The campaign for fossil fuel divestment doesn’t end once someone agrees to divest, Sophie Baumert, coordinator of the Glasgow University Climate Action Society, tells DeSmog UK.
Glasgow University was the first academic institution in Europe to announce it would divest from the fossil fuel industry over the next 10 years. Its landmark decision was heralded as “a dramatic beachhead for the divestment movement” by American environmentalist Bill McKibben and has inspired universities across Britain and Europe to follow suit.
But six months later, the university is still mulling the decision. It has yet to begin divesting its £18m-worth of fossil fuel investments in companies including Shell, BP, Chevron and Centrica.
You can’t “just sit back and enjoy the win,” warns Baumert, a third-year politics and philosophy student. “Even if the university says yes, it’s not over at this point … [You] need to monitor that the university is actually going through with the decision.”
The decision taken by Glasgow University last October was based on ethics, explains Baumert, who has been involved in the campaign since it began in April 2013.
Documents obtained by DeSmog UK under the Freedom of Information Act show that the assigned working group told the Court – the university’s governing body – that “it would be contrary to the University’s value systems to take no action on fossil fuel investment.”
And in the working group’s second report discussed at the Court on 30 September 2014, it was argued that if the “Court accepts the argument for divestment based on the University’s values, then it should agree to disinvest, even although [sic] this may involve reduced income in the short term.”
In the end, the Court’s final decision was subject to further examination of the financial impact of divestment. The university is now consulting financial advisors on whether or not fossil fuel divestment is possible.
A meeting was expected last month where the university would evaluate the outcome from their financial managers; however, DeSmog UK has learned this has now been delayed until April.
Peter Aitchison, Director of Media and Public Relations at Glasgow University, told DeSmog UK: “This commitment was made subject to reassurance that the financial impact for the University is acceptable. We are expecting a sub-committee of the finance committee to report back to Court in late April.”
Student campaigners have also been asked to prepare their own financial report analysing whether fossil-free portfolios can perform as well as portfolios including fossil fuel companies.
“It took up a lot of time, because we’re not financial experts,” Baumert says. “We tried to collect as much evidence that this [the carbon bubble] was real and divestment could be done in a financially responsible way.”
“We tried to do that because their financial advisers seem to be a bit more conservative, so we are not sure whether they would advise the university that it actually can divest,” she explains.
The report was submitted last month. It analysed current research on the subject, including studies looking at fossil-free indexes over a 10-year period, as well as evidence on the carbon bubble, which posits that fossil fuel assets are overvalued since the majority can never be extracted if governments agree to meaningful action on climate change.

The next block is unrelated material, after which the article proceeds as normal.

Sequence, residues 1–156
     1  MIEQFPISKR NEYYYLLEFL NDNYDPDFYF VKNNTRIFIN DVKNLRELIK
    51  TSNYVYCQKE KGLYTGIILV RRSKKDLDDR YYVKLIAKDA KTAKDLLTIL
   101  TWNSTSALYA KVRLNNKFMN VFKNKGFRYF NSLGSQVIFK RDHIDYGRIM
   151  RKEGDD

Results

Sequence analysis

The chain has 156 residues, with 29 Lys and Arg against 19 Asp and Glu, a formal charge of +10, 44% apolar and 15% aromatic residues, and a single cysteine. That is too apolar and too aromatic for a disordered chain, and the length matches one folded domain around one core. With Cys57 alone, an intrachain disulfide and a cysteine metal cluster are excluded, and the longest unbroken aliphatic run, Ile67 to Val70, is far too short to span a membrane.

“[We have] already received positive feedback for it,” Baumert says, “it’s just a matter of the financial advisors finishing their evaluation now.”
It is unclear, however, whether analysing these financial reports is simply another step in the long divestment process or whether it represents a larger hurdle in convincing the university to divest.
“We’ve received mixed responses,” Baumert says. “The university agreed to divest over a period of 10 years at the amount of £18m, so personally I don’t see why there should be a big financial problem … 10 years, it’s such a long process it should be possible to do.”
“But because the financial managers are outside the university we can’t really contact them or talk to them, so we don’t know what’s going to happen,” she adds. “We hope that they’re going to make it happen!”
As the minutes from 8 October 2014 (when the final decision was made) show, “the conclusion of the Working Group had been that it supported the ethical case for disinvesting from the fossil fuel extraction industry, that it recognised this would involve a modest risk to the financial return on the University’s investments, and that it believed that this risk could be effectively managed by disinvesting over a substantial period of time.”
Learning From Mistakes
To help galvanise support, the Glasgow University Climate Action Society has collected 100 signatures from academics saying they support the decision to divest. Baumert hopes this will give their campaign “a bit more leverage” and strength against its critics.
“Seeing so many students being inspired by us and getting messages asking us for help, that was really great,” Baumert reflects. “There was really a big momentum, especially immediately after the first week.”
“[But] we had the problem that directly after the decision was made we thought the campaign was over, everything was great, but actually it wasn’t, so we lost lots of valuable time,” she admits.
The group now actively shares its experiences, be it through visiting other universities, answering emails or participating in Skype calls. “Beforehand, [during the campaign] we were prepared for everything but afterwards [challenges] came out of the blue,” she says. “I would give others the advice to be prepared for this.”
Photos via Glasgow University Climate Action Society